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Home / Opinion / Columns /  There is certainty about greater uncertainty as a new year begins
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Another year winds down and we are all another year older. While it may sound cliched to say that we may not be wiser for that, it has more than a ring of truth now than at any time in recent memory. Even before the genomic sequence of Omicron was fully figured out, most countries shut down foreign travel and the media doused the reading public with a liberal dose of fear bordering on paranoia, leaving us all with more and not less uncertainty, concern and weariness as we looked forward to a better 2022.

While pharmaceutical companies have an obvious interest in keeping fears of the virus up and calling for more frequent and endless doses of vaccination, some financial interests too would prefer to prolong fear and uncertainty because this would keep central banks in easing mode. Monetary authorities would be reluctant to reduce their provisions of liquidity to economies even though these flows mostly fund speculative activity. Should fear and uncertainty persist, European economies would be more vulnerable than most and the euro will be a sitting duck. The continent is in the midst of political transition in several key countries and their policies are yet to be tested. The European Central Bank has gone in for unprecedented monetary accommodation, which has pushed the inflation rate in Germany to over 5%, the highest since 1992.

In another time and age, the German Bundesbank would have erupted in anger and raised interest rates even if that brought the economy to its knees. Now, all that the Bundesbank president could do was retire from his post, five years earlier. The times, they are different now.

Amid this pandemic of fear, the re- appointed chairperson of the US Federal Reserve appears determined to pare back bond purchases which have kept government bond yields rather low, in spite of record borrowing by the US government. Inflation, as measured by its official consumer price index, is at 6.88%, the highest in nearly four decades. This has brought the real short rate (real 90-day T-Bill secondary market rate) to a level slightly greater than last seen in June 1980. It was -7.2% then and is -6.83% now. But, the real Federal Funds rate has not been this low in the 67 years of data that is available in the FRED database.

It suits a debt-heavy American economy to have such a negative real short rate. It is part of the US toolkit to keep debt serviceable and lower the debt burden relative to gross domestic product (GDP). This is how many developed countries dissolved their debt mountain after World War II. But growth was high too, then. This time around, growth will be missing from the equation.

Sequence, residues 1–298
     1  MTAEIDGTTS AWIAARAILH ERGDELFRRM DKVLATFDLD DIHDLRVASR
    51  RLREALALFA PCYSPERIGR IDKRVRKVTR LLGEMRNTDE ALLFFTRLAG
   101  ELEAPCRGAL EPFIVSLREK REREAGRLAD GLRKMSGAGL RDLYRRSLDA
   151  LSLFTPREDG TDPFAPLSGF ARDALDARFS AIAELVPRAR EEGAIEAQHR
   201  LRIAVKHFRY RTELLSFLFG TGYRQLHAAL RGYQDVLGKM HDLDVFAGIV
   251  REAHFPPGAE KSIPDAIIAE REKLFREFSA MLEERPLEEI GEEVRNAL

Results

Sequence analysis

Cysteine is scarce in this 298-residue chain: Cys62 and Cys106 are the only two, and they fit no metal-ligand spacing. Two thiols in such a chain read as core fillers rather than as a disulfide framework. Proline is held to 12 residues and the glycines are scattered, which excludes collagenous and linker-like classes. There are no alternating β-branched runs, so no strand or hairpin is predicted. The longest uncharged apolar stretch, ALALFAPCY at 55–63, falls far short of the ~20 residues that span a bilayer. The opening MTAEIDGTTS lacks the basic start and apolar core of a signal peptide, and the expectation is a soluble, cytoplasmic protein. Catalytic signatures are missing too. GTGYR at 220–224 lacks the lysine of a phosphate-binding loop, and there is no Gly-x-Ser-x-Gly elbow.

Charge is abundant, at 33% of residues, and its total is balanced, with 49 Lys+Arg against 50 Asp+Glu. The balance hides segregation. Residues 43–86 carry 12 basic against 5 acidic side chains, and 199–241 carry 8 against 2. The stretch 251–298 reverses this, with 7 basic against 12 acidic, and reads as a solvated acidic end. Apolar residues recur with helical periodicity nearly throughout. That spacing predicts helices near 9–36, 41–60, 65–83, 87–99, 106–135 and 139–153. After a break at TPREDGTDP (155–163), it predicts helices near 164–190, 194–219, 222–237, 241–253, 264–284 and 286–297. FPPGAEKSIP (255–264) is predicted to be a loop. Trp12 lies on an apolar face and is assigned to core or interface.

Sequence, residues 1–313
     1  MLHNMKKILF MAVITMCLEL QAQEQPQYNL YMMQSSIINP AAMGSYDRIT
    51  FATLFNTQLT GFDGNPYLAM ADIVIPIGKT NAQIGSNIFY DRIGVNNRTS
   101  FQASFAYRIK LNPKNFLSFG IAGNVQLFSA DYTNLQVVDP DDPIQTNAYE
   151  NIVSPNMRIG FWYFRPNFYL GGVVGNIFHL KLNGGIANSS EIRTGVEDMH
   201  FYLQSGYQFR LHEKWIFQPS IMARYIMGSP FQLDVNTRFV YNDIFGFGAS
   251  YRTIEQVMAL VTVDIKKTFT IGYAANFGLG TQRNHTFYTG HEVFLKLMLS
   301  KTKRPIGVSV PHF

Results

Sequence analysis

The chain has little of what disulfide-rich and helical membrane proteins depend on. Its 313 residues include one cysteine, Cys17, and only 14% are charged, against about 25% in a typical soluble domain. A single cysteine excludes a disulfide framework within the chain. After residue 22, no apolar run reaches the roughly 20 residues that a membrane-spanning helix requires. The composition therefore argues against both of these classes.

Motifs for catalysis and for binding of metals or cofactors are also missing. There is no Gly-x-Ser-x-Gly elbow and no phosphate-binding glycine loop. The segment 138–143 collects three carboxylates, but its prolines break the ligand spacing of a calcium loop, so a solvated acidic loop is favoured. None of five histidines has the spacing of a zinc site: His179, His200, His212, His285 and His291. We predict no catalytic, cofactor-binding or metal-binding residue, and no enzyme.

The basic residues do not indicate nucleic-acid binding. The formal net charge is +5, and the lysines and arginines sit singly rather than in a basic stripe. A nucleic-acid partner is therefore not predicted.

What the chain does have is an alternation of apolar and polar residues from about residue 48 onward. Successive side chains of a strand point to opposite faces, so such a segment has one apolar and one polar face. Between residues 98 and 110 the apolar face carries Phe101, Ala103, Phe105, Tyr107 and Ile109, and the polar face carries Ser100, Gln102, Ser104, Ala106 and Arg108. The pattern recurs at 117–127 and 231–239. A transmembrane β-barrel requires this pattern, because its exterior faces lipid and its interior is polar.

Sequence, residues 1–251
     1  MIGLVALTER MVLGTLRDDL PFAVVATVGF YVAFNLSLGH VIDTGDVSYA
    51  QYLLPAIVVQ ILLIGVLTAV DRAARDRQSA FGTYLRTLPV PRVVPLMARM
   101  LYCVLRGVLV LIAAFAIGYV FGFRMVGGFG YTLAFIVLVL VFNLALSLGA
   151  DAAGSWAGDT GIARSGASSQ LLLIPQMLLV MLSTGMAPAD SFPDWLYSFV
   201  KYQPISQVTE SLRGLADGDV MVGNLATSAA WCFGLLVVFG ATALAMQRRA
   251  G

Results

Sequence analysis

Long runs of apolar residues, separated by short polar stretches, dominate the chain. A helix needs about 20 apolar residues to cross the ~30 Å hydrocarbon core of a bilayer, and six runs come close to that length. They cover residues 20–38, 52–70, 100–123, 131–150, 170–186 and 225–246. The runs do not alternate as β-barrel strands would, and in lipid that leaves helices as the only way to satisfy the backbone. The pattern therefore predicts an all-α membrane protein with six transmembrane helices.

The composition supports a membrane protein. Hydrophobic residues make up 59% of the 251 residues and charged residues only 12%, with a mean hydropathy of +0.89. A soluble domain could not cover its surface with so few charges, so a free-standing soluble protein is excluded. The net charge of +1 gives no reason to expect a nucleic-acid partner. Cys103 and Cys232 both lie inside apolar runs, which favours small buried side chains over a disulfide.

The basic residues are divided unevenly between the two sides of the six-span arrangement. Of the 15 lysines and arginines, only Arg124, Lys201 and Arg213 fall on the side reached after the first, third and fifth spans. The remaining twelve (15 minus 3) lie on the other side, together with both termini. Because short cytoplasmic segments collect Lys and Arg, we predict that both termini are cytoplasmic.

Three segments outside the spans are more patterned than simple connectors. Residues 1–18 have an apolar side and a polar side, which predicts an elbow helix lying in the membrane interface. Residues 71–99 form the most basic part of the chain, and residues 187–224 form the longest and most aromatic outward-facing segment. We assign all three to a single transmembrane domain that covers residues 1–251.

That sets up the potential once-in-a-generation clash between capital and labour. High growth then had kept both capital and labour in balance. Now, high inflation will squeeze real wages. Preventing that would entail squeezing profits, given structural growth headwinds in many parts of the developed world. That should set up conditions for a stock-price crash. This is overdue. Consequently, the Federal Funds rate would peak at around 1.0% or less in this cycle, as a recent article in Barron’s argues (bit.ly/3DPcIZt).

In a normal world, this would be very bad news for the US dollar, as it would lack interest rate support. But the euro, its nearest rival, is more beleaguered. That brings us to China.

Most commentators who rightly hold the US responsible for all that appears broken in the world of capitalism somehow find their voices muted when it comes to holding China’s policymakers responsible for the mess that its economy is in. China, in their view, is more willing to confront its economic challenges head on. Facts do not support such sanguinity. An investigation of alleged links between the People’s Bank of China (PBoC) and the country’s financial sector had set the stage for coercion by the Communist Party to ease reserve requirements for banks. According to LingLing Wei, party inspectors have lectured officials of China’s central bank that “whatever macro-policy discipline the central bank tries to maintain would be secondary to the need to deliver what the party leadership asks." (on.wsj.com/3DRZJpM). This is not going to give America sleepless nights about the dollar losing its reserve currency status anytime soon.

India looks relatively better off, but with several key state elections approaching, economic policy is still a knife-edge walk. While the Reserve Bank of India appears right to have left its monetary policy in accommodative mode, memories of 2013 will be fresh in policymakers’ minds, as the rupee then had collapsed because of monetary and fiscal stimulus actions that overstayed their welcome. The conditions now are different. Fiscal policy is not loose and the current account deficit is low but could be approaching 3% of GDP. But asset markets are more expensive now. So, a meaningful global asset price correction, with Indian stocks falling in its wake, should not be unwelcome in Indian policy circles.

There are plenty of geopolitical and geo-economic risks, with both feeding off each other as we head into 2022. There will be light at the end of the tunnel, but we must get across it first.

V. Anantha Nageswaran is visiting distinguished professor of economics at Krea University. These are the author’s personal views.

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